Wherever the Mets decide to go for starting pitching, it is definitely something they need to address if they hope to have any chance of contending for the NL East crown in 2013.

14 comments for “Where will the pitching come from for the Mets?

  1. TJ
    January 4, 2013 at 8:39 am

    At this point in January, I think Alderson is still finding it quite diffiecult to find that 10-12 win starter that he promised on his terms – only a 1 year commitment, most likely with a ceiling of $7 to $8 million. This is an absolute must, since both Santana and Gee are returning from injury, Wheeler’s timeline is unknown, and Harvey,despite his impressive 2012, could possibly falter in his sophmore campaign. They also need another quality arm in the pen, someone with some MLB closing experience, as FF insurance.

  2. January 4, 2013 at 8:46 am

    The Mets are window shopping. What’s the point of going after reclamation projects? So the Mets win 80-85 games as opposed to 75-80? Why continue down that path year in and year out? Looking for magic in pitchers who have had major injuries in their recent past. Why can’t the Mets just go with the kids and stop throwing away money they don’t have? Maybe, just maybe we have one of them grow into the pitcher we keep hearing they might become. What’s the worst that can happen? Even if they don’t measure up to our expectations they will at least gain valuable experience in preparing for 2014.

    • Joe
      January 6, 2013 at 12:18 pm

      “What’s the point of going after reclamation projects?”
      See Dickey, R.A.
      “So the Mets win 80-85 games as opposed to 75-80?”
      I would be shocked if a middle of the rotation starter would have that big of an impact on the team.
      “Why can’t the Mets just go with the kids and stop throwing away money they don’t have?”
      1 year contracts at $7-8 million isn’t throwing away money. They are going with the kids (see Harvey, Matt) but the problem is some are not ready yet (Wheeler) and others will be up in 20 days, but to gain an extra year of team control they will be kept in the minors (D’Arnaud). The youth movement is on, but you can’t rush prospects, because if they don’t learn how to pitch in the minors, the results at the major league level will be disasterous (see Pelfrey, Mike).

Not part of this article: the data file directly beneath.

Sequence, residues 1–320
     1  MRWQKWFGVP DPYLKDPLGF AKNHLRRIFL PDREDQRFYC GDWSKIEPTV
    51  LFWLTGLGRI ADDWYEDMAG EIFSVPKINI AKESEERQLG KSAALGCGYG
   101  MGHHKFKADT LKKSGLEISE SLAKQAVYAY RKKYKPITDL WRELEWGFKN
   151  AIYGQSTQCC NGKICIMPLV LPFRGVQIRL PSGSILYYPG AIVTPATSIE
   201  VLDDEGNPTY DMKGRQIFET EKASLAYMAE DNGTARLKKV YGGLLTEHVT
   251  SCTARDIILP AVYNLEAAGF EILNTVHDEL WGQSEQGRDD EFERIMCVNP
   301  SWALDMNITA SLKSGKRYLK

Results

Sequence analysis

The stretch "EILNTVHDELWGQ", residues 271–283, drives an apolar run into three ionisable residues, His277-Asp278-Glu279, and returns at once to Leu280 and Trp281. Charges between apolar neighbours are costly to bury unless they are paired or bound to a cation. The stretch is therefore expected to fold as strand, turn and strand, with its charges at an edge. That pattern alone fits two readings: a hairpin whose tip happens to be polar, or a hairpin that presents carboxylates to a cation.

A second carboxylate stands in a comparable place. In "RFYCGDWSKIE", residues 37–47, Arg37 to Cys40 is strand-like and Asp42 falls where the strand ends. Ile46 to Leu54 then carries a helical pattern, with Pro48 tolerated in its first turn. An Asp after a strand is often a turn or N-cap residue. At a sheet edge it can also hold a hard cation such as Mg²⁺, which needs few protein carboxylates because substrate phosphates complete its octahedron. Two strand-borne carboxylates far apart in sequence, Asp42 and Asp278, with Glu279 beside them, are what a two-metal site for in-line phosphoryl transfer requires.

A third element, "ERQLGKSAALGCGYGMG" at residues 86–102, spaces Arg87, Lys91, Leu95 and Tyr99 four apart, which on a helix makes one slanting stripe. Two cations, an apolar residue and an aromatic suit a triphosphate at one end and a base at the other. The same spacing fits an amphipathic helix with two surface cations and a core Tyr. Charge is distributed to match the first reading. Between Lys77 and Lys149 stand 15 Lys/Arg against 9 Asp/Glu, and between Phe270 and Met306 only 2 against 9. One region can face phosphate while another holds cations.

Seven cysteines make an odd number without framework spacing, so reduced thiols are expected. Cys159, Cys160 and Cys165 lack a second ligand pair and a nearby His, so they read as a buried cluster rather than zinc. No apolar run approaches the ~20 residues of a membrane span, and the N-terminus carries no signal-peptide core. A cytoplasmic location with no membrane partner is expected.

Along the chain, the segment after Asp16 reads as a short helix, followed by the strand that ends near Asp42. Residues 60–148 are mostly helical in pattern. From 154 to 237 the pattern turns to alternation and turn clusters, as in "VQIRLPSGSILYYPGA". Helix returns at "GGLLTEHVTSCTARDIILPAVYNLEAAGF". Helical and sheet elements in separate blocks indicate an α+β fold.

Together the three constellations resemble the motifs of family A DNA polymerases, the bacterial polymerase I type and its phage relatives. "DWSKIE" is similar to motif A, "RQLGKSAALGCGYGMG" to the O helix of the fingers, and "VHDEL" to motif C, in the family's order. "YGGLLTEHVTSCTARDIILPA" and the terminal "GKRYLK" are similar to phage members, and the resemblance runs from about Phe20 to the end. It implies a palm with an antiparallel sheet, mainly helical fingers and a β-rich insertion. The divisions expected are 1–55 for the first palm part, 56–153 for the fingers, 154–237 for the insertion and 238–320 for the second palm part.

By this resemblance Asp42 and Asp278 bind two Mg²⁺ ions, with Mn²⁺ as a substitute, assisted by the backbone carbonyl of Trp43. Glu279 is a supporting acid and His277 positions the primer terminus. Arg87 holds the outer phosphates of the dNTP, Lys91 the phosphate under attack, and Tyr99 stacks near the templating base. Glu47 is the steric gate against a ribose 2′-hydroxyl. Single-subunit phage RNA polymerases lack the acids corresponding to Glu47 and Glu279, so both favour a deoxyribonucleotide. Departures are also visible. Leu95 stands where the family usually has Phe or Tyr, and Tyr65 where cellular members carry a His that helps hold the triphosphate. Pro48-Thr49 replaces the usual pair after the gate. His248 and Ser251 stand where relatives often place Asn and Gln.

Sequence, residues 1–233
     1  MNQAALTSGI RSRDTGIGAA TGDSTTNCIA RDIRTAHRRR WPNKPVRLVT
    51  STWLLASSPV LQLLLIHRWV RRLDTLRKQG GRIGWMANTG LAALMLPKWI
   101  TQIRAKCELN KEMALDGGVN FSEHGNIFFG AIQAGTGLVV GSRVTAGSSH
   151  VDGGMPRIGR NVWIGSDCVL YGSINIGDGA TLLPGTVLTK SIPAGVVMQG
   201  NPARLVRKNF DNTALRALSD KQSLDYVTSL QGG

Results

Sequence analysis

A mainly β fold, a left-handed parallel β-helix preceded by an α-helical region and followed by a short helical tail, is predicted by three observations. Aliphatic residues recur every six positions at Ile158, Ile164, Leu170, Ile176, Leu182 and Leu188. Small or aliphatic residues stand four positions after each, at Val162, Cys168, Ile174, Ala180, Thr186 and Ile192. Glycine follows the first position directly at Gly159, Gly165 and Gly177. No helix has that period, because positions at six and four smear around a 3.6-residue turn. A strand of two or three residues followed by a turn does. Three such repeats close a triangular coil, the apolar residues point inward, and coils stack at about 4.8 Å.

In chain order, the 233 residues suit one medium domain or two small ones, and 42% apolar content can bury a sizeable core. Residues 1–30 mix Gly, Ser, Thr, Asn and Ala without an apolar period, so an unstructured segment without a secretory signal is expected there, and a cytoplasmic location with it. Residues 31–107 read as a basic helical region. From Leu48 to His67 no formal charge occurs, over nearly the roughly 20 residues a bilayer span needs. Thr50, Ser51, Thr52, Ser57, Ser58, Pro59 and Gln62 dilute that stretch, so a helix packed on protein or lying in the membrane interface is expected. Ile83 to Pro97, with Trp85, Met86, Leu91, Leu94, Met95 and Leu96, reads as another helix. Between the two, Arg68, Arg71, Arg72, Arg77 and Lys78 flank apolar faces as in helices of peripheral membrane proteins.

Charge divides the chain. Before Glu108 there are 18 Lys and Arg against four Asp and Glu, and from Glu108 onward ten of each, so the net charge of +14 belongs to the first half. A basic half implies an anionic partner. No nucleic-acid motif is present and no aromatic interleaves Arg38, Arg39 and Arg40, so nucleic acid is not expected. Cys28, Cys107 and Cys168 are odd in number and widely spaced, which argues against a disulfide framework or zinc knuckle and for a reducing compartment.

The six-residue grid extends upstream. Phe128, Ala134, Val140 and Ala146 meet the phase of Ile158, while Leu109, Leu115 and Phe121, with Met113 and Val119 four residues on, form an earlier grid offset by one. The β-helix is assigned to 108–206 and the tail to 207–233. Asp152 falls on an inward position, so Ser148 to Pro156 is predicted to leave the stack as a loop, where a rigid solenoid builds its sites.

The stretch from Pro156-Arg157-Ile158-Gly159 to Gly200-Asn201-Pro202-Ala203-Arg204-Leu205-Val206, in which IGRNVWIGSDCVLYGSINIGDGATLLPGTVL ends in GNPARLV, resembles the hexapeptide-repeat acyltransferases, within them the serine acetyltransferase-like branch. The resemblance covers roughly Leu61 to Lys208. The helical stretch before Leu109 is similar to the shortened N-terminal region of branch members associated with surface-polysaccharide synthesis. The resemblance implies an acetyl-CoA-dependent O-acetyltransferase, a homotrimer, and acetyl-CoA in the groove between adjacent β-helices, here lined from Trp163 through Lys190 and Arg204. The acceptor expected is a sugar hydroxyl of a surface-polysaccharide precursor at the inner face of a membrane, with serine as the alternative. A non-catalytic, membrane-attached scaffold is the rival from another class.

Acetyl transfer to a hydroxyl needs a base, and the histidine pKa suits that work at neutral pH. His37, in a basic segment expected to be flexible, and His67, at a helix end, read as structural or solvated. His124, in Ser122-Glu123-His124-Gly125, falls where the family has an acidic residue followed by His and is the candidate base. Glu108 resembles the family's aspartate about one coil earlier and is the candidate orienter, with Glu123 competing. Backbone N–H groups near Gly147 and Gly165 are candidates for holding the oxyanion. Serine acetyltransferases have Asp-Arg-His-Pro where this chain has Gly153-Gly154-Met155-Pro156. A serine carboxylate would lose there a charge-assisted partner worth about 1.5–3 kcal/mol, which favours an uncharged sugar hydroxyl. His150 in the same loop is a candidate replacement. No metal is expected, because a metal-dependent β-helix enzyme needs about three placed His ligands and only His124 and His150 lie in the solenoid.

“Maybe, just maybe we have one of them grow into the pitcher we keep hearing they might become.”
      You mean like Harvey looked to be in his 10 game audition? Like how Wheeler could be with a little more polish at AAA? Give them time and barring the unforeseen, they will develop.
      “What’s the worst that can happen?”
      We call the players up too early, they are not ready, they have horrible results and become ruined. Recent Mets examples: Mike Pelfrey, Fernando Martinez, Alex Escobar, Alex Ochoa, etc. Jenrry Mejia may join that list in the future.
      “Even if they don’t measure up to our expectations they will at least gain valuable experience in preparing for 2014.”
      They’ll get experience in Las Vegas too. It will be better because in the minors you can make mistakes and get away with them in a way you can’t in the majors. Once you go to the majors, hitters are more patient and less likely to be blown away by a 98 MPH fastball. In the minors you can get away with just throwing, in the majors you have to be able to pitch. That is why you leave the prospects in the minors until they can pitch, not just throw.

      • Name
        January 6, 2013 at 12:45 pm

        Well said Joe.

  3. Joe Gomes
    January 4, 2013 at 9:29 am

    Shouldn’t the Mets find out once and for all what they have in Mejia? If that doesn’t work, they still have Hefner, Familia, McHugh and later on Wheeler. It is a 5th slot they are trying to fill, not the first.